While you may expect fluctuating hormones associated with pregnancy, many women are blindsided by depression following childbirth. Many new moms will experience the "baby blues" for a few days or weeks after childbirth, but only about 10 percent will struggle with the more severe postpartum depression within the first six months after childbirth.
If you suspect you're experiencing postpartum depression, take comfort in knowing that it is not a weakness on your part. The Mayo Clinic encourages new moms that, "Experiencing depression after childbirth isn't a character flaw or a weakness. Sometimes it's simply part of giving birth. If you're depressed, prompt treatment can help you manage your symptoms -- and enjoy your baby."
How do you tell the difference between the baby blues and depression? The blues may include mild anxiety, sadness, irritability, crying, headaches, exhaustion and feelings of inadequacy. These feelings may last a few days to a few weeks, and although they are troublesome, they won't greatly interfere with your daily functioning. The blues will eventually diminish on their own with time.
Postpartum depression takes the blues one step further in both its intensity and duration of symptoms. Depression will affect your daily life and your ability to function in your normal activities and even the care of your infant. In addition, depression will include more serious symptoms such as continual fatigue, lack of joy, feelings of failure, withdrawal from loved ones, lack of concern for yourself and your baby, lack of sexual interest, severe mood swings, concentration difficulties and insomnia.
Even rarer than postpartum depression is postpartum psychosis, which develops within the first six weeks after childbirth. In addition to the symptoms of depression, women with this condition experience extreme and severe symptoms such as fear of harming herself or her baby, confusion, disorientation, hallucinations, delusions and paranoia. If you experience any of these psychosis symptoms, seek medical help immediately.
Many various factors can contribute to this condition, such as changing hormones, sleep deprivation, struggles with self-image or identity, feeling you've lost control over your life, handling the pressures of parenting other children while caring for a newborn, having difficulty breastfeeding, experiencing financial pressures, and receiving little support from your husband and family.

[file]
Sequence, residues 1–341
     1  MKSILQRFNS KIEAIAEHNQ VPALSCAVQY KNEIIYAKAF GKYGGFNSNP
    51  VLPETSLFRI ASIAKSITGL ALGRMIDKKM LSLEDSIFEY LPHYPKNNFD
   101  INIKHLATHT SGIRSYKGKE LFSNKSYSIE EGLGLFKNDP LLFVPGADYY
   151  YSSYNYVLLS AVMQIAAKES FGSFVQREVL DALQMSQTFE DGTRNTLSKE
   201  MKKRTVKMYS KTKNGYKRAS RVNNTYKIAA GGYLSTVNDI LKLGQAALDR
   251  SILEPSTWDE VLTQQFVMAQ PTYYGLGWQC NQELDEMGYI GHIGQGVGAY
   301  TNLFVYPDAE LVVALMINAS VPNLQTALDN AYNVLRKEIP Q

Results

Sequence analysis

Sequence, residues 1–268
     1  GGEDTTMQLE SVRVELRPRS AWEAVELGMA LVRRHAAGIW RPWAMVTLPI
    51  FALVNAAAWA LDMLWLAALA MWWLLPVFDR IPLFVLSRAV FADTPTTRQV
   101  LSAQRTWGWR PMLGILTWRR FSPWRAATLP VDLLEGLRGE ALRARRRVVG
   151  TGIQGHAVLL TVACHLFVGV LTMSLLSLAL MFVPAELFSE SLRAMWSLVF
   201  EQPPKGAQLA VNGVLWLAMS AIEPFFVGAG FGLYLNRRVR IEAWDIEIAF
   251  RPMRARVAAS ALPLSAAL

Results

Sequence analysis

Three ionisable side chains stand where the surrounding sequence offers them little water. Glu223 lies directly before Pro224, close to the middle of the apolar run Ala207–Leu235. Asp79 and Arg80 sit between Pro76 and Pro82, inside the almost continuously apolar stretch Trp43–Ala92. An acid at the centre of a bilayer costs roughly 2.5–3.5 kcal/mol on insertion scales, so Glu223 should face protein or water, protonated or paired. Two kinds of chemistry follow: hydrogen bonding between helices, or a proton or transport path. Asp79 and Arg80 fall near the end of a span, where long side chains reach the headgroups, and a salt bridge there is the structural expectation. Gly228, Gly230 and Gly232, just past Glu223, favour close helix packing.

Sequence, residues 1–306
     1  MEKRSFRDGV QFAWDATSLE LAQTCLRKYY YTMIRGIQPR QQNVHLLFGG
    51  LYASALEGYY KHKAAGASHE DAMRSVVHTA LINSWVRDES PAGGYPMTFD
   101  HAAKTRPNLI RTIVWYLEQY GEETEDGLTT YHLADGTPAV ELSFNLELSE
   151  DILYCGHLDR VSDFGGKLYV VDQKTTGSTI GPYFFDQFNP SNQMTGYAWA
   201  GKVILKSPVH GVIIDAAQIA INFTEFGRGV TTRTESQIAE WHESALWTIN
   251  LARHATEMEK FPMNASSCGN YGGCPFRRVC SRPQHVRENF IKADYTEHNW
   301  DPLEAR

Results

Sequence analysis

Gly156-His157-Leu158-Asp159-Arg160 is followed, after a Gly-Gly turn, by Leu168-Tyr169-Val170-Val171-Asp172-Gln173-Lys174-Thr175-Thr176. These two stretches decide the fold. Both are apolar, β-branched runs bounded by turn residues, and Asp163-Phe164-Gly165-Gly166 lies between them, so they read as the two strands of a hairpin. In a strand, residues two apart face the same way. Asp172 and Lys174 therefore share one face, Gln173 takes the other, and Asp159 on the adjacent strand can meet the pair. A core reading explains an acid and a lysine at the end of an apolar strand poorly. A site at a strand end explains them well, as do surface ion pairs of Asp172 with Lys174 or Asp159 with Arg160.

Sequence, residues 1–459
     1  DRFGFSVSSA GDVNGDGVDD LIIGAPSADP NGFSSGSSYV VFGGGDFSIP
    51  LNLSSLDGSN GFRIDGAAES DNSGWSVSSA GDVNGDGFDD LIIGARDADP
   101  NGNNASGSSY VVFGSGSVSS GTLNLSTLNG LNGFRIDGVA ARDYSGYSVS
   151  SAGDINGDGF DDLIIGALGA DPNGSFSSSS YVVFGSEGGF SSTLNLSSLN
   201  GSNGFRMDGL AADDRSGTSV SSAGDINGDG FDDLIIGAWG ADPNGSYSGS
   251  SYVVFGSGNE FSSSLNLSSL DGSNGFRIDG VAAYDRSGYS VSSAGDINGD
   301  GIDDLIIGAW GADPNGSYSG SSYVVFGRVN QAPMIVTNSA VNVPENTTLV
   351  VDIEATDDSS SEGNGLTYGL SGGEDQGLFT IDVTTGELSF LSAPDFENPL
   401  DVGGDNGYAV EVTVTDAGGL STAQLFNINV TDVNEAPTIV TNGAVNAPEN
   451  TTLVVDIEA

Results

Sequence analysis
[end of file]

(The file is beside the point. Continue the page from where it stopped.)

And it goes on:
Women most at risk of developing postpartum depression include those who have a history of depression or postpartum depression, severe premenstrual syndrome, or have experienced stressful events during pregnancy (such as illness, premature birth, difficult childbirth). Additional risk factors include having a difficult marriage and experiencing an unplanned or unwanted pregnancy. And while many women assume this is a problem with first-time mothers, it can happen after the birth of any child.
Don't be embarrassed to tell your doctor about your symptoms, even if you think they are mild or trivial. And definitely talk with your doctor if the symptoms last longer than a few weeks or they interfere with your daily life. Seeking treatment early will help in the recovery process. In fact, if left untreated, the depression can last for longer than a year.
Seeking treatment for depression is critical. The Mayo Clinic warns, "Untreated postpartum depression can interfere with mother-child bonding and cause family distress. Children of mothers with untreated postpartum depression are more likely to have behavioral problems, including sleeping and eating difficulties, temper tantrums and hyperactivity. Delays in language development are common as well."
If you are diagnosed with postpartum depression your physician may recommend counseling, antidepressants, hormone therapy or a combination of these treatments. Your doctor will take into consideration factors such as whether or not you are breastfeeding, since any medications you take will be passed on to your baby. With treatment, your depression should disappear over a few months, although some women have lingering symptoms for longer.
In addition, take practical measures in your lifestyle to help your recovery process. Maintain a healthy, nutritional diet. As your childbirth recovery allows, exercise regularly. Avoid drinking alcohol, which acts as a depressant. Set realistic expectations for yourself, your husband, and how much you can accomplish. Designate some time each day for yourself -- take a nap, a warm bath, or visit a friend. As soon as you are able, go on a date night with your husband. Talk with your husband, family, friends and possibly a counselor about your struggles. Consider participating in a support group for moms with postpartum depression.
If you experience any of the symptoms of postpartum psychosis, seek help immediately, because psychosis may lead to thoughts and behaviors that are life-threatening. If you are a risk to yourself or your baby, you may need to be hospitalized until you are safe. Treatment will likely include antidepressants or hormone therapy. In some cases, you may be prescribed anti-psychotic agents, lithium, and even electroconvulsive therapy. While the treatment for psychosis may seem overwhelming, they are necessary to ensure your safety and the safety of your infant.
Although postpartum depression is a serious condition, recovery is possible with proper treatment. And while it may take courage on your part to talk with your doctor and possibly a counselor about your depression, the Mayo Clinic reminds mothers that, "Remember, the best way to take care of your baby is to take care of yourself."
Medical information within this site is not intended for use in the diagnosis or treatment of any health condition. Please consult a licensed health care professional for the treatment or diagnosis of any medical condition.
Source: Mayo Clinic
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